Itochu

ITOCHU International Inc. Awarded Prestigious LEED® Green Building Certification
December 07, 2009
 
December 7, 2009 (New York, NY) – ITOCHU International Inc. announced today that it has been awarded LEED® (Silver) Certification established by the U.S. Green Building Council and verified by the Green Building Certification Institute (GBCI). LEED is the nation’s preeminent program for the design, construction and operation of high performance green buildings.
 
In June 2009, ITOCHU International Inc. completed the renovations of the company’s North American headquarter offices in midtown Manhattan. “From the initial planning phases of the office renovation project, it was important to us that our new offices not only provide a comfortable, professional environment for our employees, but that the new space fulfill our parent company’s corporate mission, ‘Committed to the global good,’” says Yoshihisa Suzuki, President & CEO of ITOCHU International Inc.
 
“We made certain that all the materials used in building the new space are low in VOCs and the work stations are all ergonomically designed. We built a café, where team members can relax and mingle, and the wellness room, for nursing mothers and any employees who need to rest. Additionally, to conserve energy, all the lights in the office turn off automatically and in the bathrooms the sinks and toilets are hands-free to avoid overuse of water.”
 
ITOCHU International Inc. achieved LEED certification for energy use, lighting, water and material use as well as incorporating a variety of other sustainable strategies. By using less energy and water, LEED certified building save money for families, businesses and taxpayers; reduce greenhouse gas emissions; and contribute to a healthier environment for residents, workers and the larger community.
 
“Building operations are nearly 40% of the solution to the global climate change challenge,” said Rick Fedrizzi, President, CEO & Founding Chair, U.S. Green Building Council. “While climate change is a global problem, innovative companies like ITOCHU International Inc. are addressing it through local solutions.”
 
LEED Certification of ITOCHU International Inc. was based on a number of green design and construction features that positively impact the project itself and the broader community. These features include:
 
Water Reduction
ITOCHU International’s offices have high-efficiency toilets and waterless urinals (the urinals alone reduce on average 40,000 gallons of water per year per urinal).
 
Green Power
ITOCHU International bought Renewable Energy Credits (RECs) based on the company’s estimated annual energy usage. The funding for these credits will go to renewable energy sources, to offset greenhouse gas pollution and support clean energy development (a mix of wind and solar). According to the USGBC, in the U.S. alone buildings account for 72% of electricity consumption and one of the largest impacts a company has on the environment is created by the electricity it consumes.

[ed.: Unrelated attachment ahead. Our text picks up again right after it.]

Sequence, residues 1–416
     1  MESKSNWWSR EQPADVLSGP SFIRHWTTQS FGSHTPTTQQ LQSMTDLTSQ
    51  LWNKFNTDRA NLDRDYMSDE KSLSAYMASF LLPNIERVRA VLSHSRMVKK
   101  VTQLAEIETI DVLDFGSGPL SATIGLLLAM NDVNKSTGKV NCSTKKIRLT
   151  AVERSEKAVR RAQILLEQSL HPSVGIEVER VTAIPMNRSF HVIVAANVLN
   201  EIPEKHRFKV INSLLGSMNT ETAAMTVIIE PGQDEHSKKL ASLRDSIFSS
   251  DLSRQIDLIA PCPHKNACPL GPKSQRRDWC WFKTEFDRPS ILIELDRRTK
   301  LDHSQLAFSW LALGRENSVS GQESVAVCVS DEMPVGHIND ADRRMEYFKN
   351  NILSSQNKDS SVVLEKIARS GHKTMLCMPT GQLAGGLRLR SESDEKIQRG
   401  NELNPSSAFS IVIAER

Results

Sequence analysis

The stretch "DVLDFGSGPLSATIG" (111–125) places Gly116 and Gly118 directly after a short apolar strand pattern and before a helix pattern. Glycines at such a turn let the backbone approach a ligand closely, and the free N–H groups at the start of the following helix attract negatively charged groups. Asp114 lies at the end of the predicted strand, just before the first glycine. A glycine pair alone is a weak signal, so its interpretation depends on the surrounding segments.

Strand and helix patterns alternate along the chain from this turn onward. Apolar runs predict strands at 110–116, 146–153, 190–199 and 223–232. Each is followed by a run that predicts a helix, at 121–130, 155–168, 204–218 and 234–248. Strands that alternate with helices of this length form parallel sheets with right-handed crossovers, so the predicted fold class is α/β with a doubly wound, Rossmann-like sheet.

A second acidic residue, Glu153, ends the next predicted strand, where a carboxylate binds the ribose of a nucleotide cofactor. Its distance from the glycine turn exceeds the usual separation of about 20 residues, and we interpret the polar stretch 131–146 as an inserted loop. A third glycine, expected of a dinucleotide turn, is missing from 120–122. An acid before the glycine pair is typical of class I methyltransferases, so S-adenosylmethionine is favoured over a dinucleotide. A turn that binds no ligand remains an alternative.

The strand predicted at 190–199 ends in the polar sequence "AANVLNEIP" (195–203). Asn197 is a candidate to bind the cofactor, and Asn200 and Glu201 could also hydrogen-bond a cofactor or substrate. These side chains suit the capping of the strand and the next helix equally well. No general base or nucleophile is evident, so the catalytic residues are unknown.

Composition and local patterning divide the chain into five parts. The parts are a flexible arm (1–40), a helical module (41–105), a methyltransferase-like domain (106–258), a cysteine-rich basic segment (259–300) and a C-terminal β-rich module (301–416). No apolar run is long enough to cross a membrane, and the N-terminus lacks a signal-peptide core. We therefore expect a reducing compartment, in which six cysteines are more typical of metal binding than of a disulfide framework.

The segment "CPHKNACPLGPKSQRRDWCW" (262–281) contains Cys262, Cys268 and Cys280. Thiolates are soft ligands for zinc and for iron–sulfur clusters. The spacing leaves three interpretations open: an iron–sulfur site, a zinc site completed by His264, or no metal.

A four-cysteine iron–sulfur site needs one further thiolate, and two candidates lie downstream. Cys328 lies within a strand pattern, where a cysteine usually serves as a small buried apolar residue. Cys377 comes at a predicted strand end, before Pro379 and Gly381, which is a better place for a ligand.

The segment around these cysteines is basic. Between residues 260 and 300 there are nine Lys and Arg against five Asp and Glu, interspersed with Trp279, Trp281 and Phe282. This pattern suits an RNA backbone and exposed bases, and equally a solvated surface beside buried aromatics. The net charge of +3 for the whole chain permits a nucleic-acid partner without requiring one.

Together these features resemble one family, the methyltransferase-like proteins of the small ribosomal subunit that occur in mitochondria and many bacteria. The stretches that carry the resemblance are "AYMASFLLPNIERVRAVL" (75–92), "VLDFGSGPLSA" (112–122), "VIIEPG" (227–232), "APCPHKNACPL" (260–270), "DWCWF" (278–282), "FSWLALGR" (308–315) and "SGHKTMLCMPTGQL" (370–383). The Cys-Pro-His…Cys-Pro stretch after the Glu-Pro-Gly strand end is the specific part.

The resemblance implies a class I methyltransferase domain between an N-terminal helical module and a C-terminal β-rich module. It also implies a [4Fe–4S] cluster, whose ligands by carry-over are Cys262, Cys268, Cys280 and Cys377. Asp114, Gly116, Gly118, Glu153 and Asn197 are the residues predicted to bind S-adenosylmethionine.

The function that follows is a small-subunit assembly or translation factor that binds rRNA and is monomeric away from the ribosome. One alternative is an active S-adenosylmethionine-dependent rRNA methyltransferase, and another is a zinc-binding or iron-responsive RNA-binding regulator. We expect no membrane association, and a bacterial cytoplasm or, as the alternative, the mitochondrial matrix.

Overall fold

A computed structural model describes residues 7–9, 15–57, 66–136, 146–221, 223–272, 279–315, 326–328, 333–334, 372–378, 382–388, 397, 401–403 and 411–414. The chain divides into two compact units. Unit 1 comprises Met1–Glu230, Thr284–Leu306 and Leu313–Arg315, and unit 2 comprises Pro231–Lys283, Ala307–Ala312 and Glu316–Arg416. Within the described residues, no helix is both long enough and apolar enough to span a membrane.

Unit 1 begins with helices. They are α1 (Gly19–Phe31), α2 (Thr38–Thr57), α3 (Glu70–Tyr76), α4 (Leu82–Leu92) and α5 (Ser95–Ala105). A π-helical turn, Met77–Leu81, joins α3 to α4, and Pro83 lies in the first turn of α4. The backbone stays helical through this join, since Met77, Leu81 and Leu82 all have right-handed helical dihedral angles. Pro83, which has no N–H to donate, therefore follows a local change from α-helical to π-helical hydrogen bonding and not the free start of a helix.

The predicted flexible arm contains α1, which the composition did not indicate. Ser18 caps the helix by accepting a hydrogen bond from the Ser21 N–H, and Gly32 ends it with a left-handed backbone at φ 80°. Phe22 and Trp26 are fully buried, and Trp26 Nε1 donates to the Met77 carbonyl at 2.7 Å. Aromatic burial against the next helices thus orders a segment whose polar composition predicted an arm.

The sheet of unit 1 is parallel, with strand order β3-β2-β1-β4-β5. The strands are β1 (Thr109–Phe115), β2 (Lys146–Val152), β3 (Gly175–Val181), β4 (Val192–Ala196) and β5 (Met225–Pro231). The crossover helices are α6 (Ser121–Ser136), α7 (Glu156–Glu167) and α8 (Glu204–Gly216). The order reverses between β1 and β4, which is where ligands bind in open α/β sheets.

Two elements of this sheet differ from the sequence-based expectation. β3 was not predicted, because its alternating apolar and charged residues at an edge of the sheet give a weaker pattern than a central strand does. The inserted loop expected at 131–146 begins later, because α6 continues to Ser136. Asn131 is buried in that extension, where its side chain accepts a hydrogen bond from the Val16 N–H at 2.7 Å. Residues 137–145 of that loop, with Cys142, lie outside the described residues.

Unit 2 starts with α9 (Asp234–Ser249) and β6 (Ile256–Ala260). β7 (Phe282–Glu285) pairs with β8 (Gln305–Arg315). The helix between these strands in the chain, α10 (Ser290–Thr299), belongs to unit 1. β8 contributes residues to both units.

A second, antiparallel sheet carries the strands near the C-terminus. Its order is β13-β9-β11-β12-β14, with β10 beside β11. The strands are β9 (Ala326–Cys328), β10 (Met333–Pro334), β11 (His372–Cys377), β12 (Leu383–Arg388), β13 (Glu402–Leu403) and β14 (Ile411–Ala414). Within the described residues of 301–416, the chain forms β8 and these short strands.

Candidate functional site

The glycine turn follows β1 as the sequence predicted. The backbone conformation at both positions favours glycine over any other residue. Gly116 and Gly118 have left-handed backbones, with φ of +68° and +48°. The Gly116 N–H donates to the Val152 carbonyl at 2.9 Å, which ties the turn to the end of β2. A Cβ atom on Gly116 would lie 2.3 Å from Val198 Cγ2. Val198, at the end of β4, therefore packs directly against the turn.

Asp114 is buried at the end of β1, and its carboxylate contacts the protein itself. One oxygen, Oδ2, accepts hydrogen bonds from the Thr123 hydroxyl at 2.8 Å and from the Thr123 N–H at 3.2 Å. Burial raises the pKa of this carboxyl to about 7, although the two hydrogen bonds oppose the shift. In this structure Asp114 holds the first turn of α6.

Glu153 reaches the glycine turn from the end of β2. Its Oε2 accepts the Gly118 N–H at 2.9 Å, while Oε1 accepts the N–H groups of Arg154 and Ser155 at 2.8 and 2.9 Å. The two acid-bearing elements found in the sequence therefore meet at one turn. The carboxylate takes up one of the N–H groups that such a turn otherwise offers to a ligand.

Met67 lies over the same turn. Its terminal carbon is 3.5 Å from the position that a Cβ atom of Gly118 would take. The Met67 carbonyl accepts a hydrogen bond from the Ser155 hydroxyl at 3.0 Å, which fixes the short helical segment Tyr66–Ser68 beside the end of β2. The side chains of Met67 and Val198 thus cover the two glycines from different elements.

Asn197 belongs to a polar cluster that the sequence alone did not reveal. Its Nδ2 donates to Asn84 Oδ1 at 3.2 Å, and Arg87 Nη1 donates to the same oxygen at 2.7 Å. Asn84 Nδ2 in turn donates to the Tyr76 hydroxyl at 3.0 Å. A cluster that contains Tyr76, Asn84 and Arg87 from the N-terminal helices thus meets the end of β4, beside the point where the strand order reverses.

Employee Comfort and Wellness
The work stations at ITOCHU International have many ergonomic features such as the chairs, flat-screen computer monitors, adjustable keyboard trays, and dollies for the computers. The office also has efficient lighting and heating/cooling systems.
 
###
 
U.S. Green Building Council
The Washington, D.C.-based U.S. Green Building Council is committed to a prosperous and sustainable future for our nation through cost-efficient and energy-saving green buildings. With a community comprising 78 local affiliates, more than 20,000 member companies and organizations, and more than 100,000 LEED Accredited Professionals, USGBC is the driving force of an industry that is projected to soar to $60 billion by 2010. The USGBC leads an unlikely diverse constituency of builders and environmentalists, corporations and nonprofit organizations, elected officials and concerned citizens, and teachers and students.
Buildings in the United States are responsible for 39% of CO2 emissions, 40% of energy consumption, 13% water consumption and 15% of GDP per year, making green building a source of significant economic and environmental opportunity. Greater building efficiency can meet 85% of future U.S. demand for energy, and a national commitment to green building has the potential to generate 2.5 million American jobs.
 
LEED
The U.S. Green Building Council’s LEED green building certification system is the foremost program for the design, construction and operation of green buildings. The U.S. Green Building Council’s LEED rating system is the preeminent program for the design, construction and operation of green buildings. 35,000 projects are currently participating in the LEED system, comprising over 5.6 billion square feet of construction space in all 50 states and 91 countries. By using less energy, LEED-certified buildings save money for families, businesses and taxpayers; reduce greenhouse gas emissions; and contribute to a healthier environment for
residents, workers and the larger community.
 
USGBC was co-founded by current President and CEO Rick Fedrizzi, who spent 25 years as a Fortune 500 executive. Under his 15-year leadership, the organization has become the preeminent green building, membership, policy, standards, influential, education and research
organization in the nation.
 
For more information, visit www.usgbc.org.

Comments are closed.